In 1969 the Federal government put eight men on trial and those eight men put the Federal government on trial. The eight men, officially “David Dellinger et al.,” were anti-war protestors charged with conspiracy to cross state lines to incite riots at the Democratic Party Convention in Chicago in 1968.
To the prosecutors, it was a criminal trial. To the defendants and their lawyers it was a political trial: they were there to put the war on trial as they had been in Chicago to challenge the Democratic Party’s support for the war.
by Kate Ellison
Everyone is asking, plotting, and planning what’s next. It’s a new year, we have a new president, and a vaccine to push back the virus that has nearly paralyzed us for months.
Astrologically, the Age of Aquarius finally dawned on Winter Solstice 2020. In 2021 we will be able to gather together, not to go back to normal, but to move forward with new vision and renewed determination.
by Pete Monte, Animal Welfare Coordinator, GRACE Marketplace
January 2020 marked the beginning of a two-year demonstration project funded by the Wagmore Foundation to establish infrastructure, policy, and procedure to make GRACE Marketplace the first “animal-friendly” low-barrier homeless shelter in the region.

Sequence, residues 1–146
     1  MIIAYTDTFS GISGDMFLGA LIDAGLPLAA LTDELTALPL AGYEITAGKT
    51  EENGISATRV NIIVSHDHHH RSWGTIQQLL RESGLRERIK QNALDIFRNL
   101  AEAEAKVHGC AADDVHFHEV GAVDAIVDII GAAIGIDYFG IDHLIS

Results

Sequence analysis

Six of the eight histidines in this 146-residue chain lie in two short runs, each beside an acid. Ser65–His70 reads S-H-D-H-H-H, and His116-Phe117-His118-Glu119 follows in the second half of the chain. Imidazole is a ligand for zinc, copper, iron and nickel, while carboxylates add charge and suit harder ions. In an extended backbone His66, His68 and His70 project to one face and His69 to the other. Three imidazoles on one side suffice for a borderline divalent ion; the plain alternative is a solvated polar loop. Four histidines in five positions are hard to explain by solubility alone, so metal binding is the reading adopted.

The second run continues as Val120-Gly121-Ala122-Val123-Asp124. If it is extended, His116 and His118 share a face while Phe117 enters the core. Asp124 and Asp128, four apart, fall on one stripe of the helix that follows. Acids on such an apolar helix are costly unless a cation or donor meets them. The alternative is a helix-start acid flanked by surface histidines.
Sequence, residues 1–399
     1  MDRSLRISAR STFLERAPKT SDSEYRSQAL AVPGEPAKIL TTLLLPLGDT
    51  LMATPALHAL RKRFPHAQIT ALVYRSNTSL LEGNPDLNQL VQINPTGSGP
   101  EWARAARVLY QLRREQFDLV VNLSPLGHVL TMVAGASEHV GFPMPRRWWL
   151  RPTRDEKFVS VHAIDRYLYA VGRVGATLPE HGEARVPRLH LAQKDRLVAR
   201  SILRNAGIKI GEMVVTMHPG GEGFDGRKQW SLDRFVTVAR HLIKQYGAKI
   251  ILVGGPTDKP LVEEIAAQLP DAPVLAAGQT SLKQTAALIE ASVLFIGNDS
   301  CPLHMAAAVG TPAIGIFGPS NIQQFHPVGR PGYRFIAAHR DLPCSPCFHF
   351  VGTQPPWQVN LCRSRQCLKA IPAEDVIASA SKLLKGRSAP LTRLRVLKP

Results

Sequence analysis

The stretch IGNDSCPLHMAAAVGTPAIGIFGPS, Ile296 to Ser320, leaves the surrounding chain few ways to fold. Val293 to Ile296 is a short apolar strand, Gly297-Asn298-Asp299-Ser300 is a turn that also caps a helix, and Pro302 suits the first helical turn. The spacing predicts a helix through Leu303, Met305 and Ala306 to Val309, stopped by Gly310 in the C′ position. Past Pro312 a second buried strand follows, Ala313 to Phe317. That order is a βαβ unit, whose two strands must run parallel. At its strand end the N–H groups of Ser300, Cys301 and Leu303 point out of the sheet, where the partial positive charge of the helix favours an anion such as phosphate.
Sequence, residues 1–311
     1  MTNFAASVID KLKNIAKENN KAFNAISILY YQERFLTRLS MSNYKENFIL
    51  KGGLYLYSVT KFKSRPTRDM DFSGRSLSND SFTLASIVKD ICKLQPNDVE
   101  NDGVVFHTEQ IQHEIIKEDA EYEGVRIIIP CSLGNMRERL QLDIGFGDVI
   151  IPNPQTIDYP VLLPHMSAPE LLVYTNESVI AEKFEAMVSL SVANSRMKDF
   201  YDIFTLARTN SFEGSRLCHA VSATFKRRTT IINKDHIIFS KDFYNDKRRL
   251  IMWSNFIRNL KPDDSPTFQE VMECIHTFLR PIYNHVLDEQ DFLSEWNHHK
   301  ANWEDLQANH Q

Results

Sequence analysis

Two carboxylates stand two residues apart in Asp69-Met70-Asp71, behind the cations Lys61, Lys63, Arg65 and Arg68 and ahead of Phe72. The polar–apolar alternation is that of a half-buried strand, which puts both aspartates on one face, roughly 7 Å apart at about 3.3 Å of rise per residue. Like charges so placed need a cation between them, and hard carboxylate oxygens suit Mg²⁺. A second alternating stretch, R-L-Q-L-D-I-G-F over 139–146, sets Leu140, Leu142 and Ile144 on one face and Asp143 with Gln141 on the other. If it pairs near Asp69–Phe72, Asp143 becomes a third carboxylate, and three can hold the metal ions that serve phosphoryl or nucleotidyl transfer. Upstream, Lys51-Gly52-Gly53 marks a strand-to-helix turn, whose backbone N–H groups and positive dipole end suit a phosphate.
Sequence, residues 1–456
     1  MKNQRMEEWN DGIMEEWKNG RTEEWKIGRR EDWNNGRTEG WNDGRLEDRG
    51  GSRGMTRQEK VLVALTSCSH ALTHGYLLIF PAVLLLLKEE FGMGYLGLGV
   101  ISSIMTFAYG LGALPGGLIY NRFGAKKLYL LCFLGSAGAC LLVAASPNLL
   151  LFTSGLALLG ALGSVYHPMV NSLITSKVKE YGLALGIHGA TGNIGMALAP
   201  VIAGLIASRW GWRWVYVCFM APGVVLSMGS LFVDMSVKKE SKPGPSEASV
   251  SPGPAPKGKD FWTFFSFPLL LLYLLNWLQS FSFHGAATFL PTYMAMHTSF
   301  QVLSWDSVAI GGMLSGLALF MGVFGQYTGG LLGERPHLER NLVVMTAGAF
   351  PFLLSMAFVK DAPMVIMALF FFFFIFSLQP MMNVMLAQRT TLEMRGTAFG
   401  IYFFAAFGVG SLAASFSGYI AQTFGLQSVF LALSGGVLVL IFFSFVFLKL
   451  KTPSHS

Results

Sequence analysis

A community partnership of local non-profit organizations including St. Francis Pet Care, the Humane Society of North Central Florida, and the Home Van Pet Care Project have joined GRACE with the common goal of improving access to services for people without housing and their companion or assistance animals.
by Food Not Bombs Gainesville
Food Not Bombs Gainesville, an all-volunteer movement that receives donations and recovers food that would otherwise be discarded, re-organized in December and is now sharing fresh and prepared food with folx in and around downtown Gainesville on a weekly basis.
FNB is rooted in three principles:
- the food we share is always vegan or vegetarian and free to everyone, and especially unhoused, marginalized and vulnerable folx
- our local chapter is fully autonomous and makes decisions using the consensus process
- FNB is not a charity and is therefore dedicated to social change in alignment with radical mutual aid theory and practice